Waring's poetic voice in this first collection is both startlingly original and reassuringly familiar. Using brassy, no-nonsense imagery, the poet jolts readers awake to the harsh realities of the souls inhabiting these poems, yet there is a compassion that speaks, without mawkishness, to our primordial need for shelter from the storms of life. Several poems deal quite affectingly with the subject of child abuse. Others treating her relationships with her friend Breeze and her lover Morley have a slangy, deadpan quality, giving the poet's perceptions of the pain of emotional loss a humorously hopeful slant. In ``Breeze Decides to Forgive Herself,'' she stands on a bridge contemplating suicide, and is rescued by a guardian angel: ``A cab pulls up, the driver says, Cold? and he cranks / the heat way up. All the way/home through the rankling / streets, Breeze hums for the hack in the dark.'' The poet's uncompromising yet comic way of seeing the world allows her to transcend even life's heaviest blows. As she states in ``Reprieve on the Stoop'': ``I'm not romantic, baby, but I do / know grace when I see it.'' (Oct.)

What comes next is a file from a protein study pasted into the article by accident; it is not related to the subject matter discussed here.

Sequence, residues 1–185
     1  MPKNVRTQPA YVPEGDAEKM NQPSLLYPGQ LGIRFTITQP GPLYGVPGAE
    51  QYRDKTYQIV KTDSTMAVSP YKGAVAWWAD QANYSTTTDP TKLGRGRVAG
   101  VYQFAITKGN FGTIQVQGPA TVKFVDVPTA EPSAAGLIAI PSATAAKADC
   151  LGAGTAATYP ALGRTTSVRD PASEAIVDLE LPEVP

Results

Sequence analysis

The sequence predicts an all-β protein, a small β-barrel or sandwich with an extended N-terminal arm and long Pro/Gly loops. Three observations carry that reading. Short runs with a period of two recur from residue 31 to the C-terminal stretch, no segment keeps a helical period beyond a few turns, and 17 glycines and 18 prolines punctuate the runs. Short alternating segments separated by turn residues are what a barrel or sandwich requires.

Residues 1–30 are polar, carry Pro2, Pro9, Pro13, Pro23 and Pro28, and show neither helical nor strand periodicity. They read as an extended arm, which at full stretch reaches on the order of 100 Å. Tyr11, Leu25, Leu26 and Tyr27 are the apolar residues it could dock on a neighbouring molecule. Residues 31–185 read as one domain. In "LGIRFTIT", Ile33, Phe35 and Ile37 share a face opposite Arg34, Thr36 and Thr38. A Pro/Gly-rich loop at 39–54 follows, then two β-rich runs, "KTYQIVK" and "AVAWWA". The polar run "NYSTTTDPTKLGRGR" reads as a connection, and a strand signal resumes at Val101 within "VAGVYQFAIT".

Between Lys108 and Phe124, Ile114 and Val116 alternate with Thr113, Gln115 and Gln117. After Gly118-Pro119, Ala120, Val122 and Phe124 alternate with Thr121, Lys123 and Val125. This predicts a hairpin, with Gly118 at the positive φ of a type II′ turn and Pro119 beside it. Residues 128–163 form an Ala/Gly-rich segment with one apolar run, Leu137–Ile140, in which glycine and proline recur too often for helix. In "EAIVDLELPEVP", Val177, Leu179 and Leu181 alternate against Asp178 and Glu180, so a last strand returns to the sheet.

Reviewed on: 01/01/1990 Release date: 01/01/1990 Genre: Fiction
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